San Diego Student Robots Launch Balls, Careers
Thursday, March 6, 2014
The work pits on the floor of the Valley View Casino Center on Sports Arena Boulevard were buzzing with drills and excited high schoolers Thursday.
Sixty teams were getting ready for the two days of tournaments at San Diego's annual FIRST Robotics Competition. They were putting the finishing touches on the robots they had just six weeks to build, getting them inspected and qualified by the competition's judges and testing out their creations in the tournament ring.
Teams had to figure out how to build robots that weighed no more than 120 pounds and could throw large balls across the playing field through hoops, over a bar and to other robots. The robot that does these things best will take its team of builders to the FIRST Robotics worldwide finals in St. Louis next month.
The reigning First Robotics champs are from High Tech High in Point Loma. Nathan Rozenberg, a High Tech High senior, said he feels like the other teams look up to them this year. He joined the robotics team because he loves math and science, but the six-week building period isn't his favorite part of the season.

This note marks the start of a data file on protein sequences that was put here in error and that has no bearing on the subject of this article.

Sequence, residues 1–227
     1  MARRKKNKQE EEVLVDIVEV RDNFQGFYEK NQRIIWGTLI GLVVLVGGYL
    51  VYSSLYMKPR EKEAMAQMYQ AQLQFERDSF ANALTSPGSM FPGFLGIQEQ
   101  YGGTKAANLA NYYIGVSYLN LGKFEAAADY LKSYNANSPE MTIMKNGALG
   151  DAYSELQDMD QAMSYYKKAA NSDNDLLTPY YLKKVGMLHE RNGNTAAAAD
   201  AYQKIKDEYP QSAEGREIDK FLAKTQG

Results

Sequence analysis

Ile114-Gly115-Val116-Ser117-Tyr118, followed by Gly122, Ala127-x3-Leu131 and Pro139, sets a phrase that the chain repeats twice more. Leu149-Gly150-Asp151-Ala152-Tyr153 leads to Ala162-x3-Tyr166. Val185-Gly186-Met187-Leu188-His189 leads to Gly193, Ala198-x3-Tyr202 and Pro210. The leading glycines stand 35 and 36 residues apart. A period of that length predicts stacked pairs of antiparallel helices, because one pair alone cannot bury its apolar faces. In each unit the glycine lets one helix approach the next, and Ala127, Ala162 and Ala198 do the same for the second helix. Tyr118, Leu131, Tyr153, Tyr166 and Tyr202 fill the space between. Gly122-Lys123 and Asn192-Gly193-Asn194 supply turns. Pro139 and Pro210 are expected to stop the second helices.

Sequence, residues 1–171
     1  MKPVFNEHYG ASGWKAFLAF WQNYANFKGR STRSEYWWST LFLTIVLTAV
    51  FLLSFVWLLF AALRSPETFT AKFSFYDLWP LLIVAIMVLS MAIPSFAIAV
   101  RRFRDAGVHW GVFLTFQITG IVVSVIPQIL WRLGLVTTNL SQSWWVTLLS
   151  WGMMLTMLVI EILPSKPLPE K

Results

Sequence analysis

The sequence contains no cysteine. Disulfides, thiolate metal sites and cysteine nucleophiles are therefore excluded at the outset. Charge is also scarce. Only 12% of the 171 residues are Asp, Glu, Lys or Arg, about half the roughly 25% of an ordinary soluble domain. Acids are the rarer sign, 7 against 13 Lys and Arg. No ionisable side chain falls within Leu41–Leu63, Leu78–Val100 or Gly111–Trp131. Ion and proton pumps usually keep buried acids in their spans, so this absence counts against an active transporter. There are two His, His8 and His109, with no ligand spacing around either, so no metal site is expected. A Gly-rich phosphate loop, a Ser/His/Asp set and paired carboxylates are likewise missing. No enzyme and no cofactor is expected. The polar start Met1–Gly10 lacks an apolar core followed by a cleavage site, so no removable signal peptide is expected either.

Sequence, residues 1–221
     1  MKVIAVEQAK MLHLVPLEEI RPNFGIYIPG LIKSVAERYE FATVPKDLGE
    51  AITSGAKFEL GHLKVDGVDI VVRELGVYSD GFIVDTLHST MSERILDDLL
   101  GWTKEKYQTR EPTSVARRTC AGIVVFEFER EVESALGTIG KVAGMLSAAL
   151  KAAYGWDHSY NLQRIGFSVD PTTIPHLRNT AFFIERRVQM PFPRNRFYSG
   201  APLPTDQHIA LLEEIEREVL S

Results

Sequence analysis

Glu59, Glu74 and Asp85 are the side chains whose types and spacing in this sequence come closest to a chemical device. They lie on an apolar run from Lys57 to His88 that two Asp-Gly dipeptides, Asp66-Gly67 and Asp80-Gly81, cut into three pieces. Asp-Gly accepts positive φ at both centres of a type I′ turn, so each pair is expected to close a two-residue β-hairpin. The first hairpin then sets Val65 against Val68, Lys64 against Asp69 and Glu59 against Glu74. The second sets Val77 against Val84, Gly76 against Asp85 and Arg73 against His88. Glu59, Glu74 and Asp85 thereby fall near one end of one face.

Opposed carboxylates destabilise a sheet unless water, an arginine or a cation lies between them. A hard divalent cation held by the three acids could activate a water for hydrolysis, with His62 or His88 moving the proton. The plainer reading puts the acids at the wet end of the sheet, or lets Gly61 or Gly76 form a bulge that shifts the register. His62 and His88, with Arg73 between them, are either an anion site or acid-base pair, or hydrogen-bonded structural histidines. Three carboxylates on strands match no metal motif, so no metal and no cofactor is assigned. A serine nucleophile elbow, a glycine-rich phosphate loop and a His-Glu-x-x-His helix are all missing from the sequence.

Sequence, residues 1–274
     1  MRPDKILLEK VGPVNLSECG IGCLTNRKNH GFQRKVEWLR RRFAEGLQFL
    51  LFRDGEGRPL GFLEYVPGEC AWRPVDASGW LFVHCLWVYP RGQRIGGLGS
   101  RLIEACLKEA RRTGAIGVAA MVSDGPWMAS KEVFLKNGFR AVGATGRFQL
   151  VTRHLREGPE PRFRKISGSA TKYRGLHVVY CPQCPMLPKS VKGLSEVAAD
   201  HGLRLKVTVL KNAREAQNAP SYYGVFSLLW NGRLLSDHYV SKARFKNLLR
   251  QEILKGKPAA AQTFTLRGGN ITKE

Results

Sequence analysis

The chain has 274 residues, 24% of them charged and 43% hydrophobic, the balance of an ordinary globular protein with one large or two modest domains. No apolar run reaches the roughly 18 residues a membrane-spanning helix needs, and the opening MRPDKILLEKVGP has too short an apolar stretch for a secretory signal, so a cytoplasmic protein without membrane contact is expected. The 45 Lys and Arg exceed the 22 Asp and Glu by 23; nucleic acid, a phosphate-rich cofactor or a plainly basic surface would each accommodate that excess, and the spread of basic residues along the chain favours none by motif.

“I gotta say it’s the competitions, coming here and seeing everything, working together, meeting other teams, it’s a great time,” he said.
But Rene Haro, a volunteer who works with the High Tech High students, said the teammates in the program are doing more than having fun.
“It teaches the students what they like or don’t like and gives them a direction and an opportunity to look and try out different skills within one given program,” he said.
Haro knows that first-hand. He was introduced to robotics through a high school team and now works as a systems analyst. Down the next aisle of work pits from the High Tech High team, Kearny High School junior Katie Truong saw herself taking a path similar to Haro's. She is her team's mechanical engineer and plans to making that one of her majors when she enrolls at California Polytechnic State University in San Luis Obispo.
“Electrical wiring makes me feel like I’m a part of something different," she said. "I’m the one that makes sure everything connects together.”
Coming to the competitions and meeting the professionals who volunteer at the events makes Truong feel like the team is more than a hobby.
“(It) makes me feel like I’m part of something bigger," she said. "Bringing in NASA to these events, it’s inspiring to people who want to pursue engineering and mechanical engineering.”
The robot tournament runs from 8:30 a.m. to 6:30 p.m. Friday and from 8:30 a.m. to 5:30 p.m. Saturday. The tournaments and student work pits are open to the public.
Admission is free.
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